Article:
Unthinkable: How many emotions can one person feel?
Poets rather than scientists are best-placed to explain our feelings, says ‘emotional archivist’ Tiffany Watt Smith
Characters from the movie Inside Out
A commonly used put-down is “stop being so emotional”, and it often carries sexist undertones. But what’s wrong with being emotional? And, anyway, the command above is usually wrapped up in an emotion itself, such as anger or cold indifference.
Science is making new discoveries about the nature of emotions. For example, it is linking human feelings to specific areas of the brain that “light up” when scanned. But “the answer to the question ‘What is an emotion?’ lies not only in our biology or private psychological histories,” says Dr Tiffany Watt Smith, author of The Book of Human Emotions: An Encyclopedia of Feeling, from Anger to Wanderlust. “The way we feel is also enmeshed in the expectations and ideas of the cultures in which we live.”
Watt Smith has been carefully documenting emotions from around the world at a research centre at Queen Mary University of London. “There are 154 emotions in the book, but there might have been many more,” she says, providing today’s idea: “Approaching emotions as first and foremost biological facts misrepresents what an emotion actually is.”
René Descartes thought there were only six core emotions, and if the movie Inside Out can be believed, there are only five. You’ve identified more than 150. How so?
“The idea that our messy, complicated emotional lives are constructed out of just a handful of fundamental feelings has been around for over 2,000 years. Today, evolutionary psychologists argue that a few emotions evolved specifically to protect us from harm – like disgust – or help forge communities – like happiness – and that therefore these building block or ‘basic’ emotions are the same for all people around the globe.
“The problem with this kind of approach is that it ignores the role that our culture plays in shaping our emotional responses. Fear might seem like an irreducible emotion of our most animal selves. But the Pintupi, whose home is in the deserts of western Australia, speak of as many of as 15 distinct sorts of fear, for instance the fright that makes you jump up and look around you (nginyiwarrarringu); the creeping dread that a rival is seeking revenge (ngulu); and the terror felt when malevolent spirits are around (kanarunvtju). Is one of these more ‘basic’ than another?”
If you were to add just one more emotion to the Inside Out line-up – joy, sadness, fear, anger and disgust – to better represent the human condition, what would it be?
“What about an emotion like nostalgia? It’s a kind of sadness, of course, but also wistfulness, a longing for something lost. And it can be pleasurable too. I often try to savour the moments I feel nostalgic, in the same way I do when I feel joy or pleasure. Actually, in the 17th century, nostalgic longing was thought very dangerous too; it was sometimes so powerful it could kill you (the last person thought to have died of nostalgia succumbed in 1914). So it’s not easy to put emotions into boxes.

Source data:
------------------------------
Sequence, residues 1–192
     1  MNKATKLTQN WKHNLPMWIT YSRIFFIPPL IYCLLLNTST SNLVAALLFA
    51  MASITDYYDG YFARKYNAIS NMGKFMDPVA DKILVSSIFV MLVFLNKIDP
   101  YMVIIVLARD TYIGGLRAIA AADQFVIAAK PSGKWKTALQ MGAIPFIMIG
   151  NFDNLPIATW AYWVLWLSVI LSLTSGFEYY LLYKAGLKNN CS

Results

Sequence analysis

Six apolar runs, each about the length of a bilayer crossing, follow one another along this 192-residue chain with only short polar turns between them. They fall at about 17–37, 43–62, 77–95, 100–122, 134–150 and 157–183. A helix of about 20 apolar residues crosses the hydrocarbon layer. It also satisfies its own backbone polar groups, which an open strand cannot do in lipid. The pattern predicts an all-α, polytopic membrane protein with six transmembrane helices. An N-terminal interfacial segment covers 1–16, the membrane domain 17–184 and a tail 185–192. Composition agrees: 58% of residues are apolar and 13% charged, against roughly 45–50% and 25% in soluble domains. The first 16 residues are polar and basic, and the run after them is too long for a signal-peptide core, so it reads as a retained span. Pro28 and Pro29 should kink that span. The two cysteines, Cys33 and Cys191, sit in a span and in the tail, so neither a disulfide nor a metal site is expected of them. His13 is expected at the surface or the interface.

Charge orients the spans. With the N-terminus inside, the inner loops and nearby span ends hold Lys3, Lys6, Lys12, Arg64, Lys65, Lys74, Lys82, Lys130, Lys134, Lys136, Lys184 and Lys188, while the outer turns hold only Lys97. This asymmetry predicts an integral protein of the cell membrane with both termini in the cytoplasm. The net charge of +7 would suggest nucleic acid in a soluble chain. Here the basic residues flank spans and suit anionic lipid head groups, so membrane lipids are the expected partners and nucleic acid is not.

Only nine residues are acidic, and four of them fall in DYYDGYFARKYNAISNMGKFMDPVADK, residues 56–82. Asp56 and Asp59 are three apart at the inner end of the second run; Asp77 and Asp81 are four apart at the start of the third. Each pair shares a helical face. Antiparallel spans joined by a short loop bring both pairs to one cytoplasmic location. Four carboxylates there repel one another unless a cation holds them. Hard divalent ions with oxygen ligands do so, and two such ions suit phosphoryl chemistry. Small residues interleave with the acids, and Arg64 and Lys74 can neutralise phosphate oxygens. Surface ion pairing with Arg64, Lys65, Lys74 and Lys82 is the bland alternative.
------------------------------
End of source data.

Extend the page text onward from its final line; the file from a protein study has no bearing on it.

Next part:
“Anyway, to your question, I’d add an obscure emotion to the list. Maybe it doesn’t sum up the human condition as such, but it’s fun to think what would happen if it did: basorexia, a sudden urge to kiss someone.”
Who discovers emotions: neuroscientists or poets?
“Poets. The neuroscientist Giovanni Frazzetto has written poignantly about the limits of physiological knowledge when it comes to understanding emotions. He could show you a brain or point to an fMRI scan, and many of us, myself included, would feel a sense of wonder and astonishment at how much science can tell us about ourselves. But this knowledge can seem rather remote when we’re, say, in the midst of a white-hot rage, or experiencing the strangely ‘formal feeling’ of grief that Emily Dickinson wrote about.
“Understanding the brain can tell us a lot, but not much about what our emotions mean to us and why they feel as they do. It’s in this sense that poets ‘discover’ emotions. They find a vocabulary for them. They make emotions vivid, real and relatable, and we use their words to help us understand our emotions and where they come from – and that helps us feel less alone.”
What’s the newest emotion you’ve come across?
“I’m quietly thrilled when hard-to-pin-down feelings earn new titles. Like Fomo (fear of missing out), something I suffer from constantly. Discovering this word was quite a relief, it meant that other people were struggling with an overload of opportunities too. When we bother to name an emotion, it can tell us a lot about our shared preoccupations.”
In philosophy and science, reason and emotion are traditionally presented as opposites. Are the best academics not very emotional?
“In the last two decades a great deal of research has been dedicated to breaking down this perceived opposition. Emotions have been shown to play important roles in apparently cold moments of rational decision-making.
“And as for academics, well, as in any profession, we have our share of psychopaths. But the rest of us are very emotional. There are the excitements and frustrations of new research, the thrill of making discoveries, the pleasure of seeing a student succeed, rivalries with colleagues, terror as deadlines loom. Without all of this, it’s hard to imagine how anyone would motivate themselves.”
- Ringxiety: Mistakenly sensing that your mobile phone is going off.
- Torschlusspanik: The agitated, fretful feeling we get when we notice time is running out (from the German: “gate-closing panic”).
- Cyberchondria: Anxiety about “symptoms” of an “illness” fuelled by internet “research”.
- Malu: Being flustered in the presence of someone of higher status (from Indonesia).
- Pronoia: A strange, creeping feeling that everyone’s out to help you.
From The Book of Human Emotions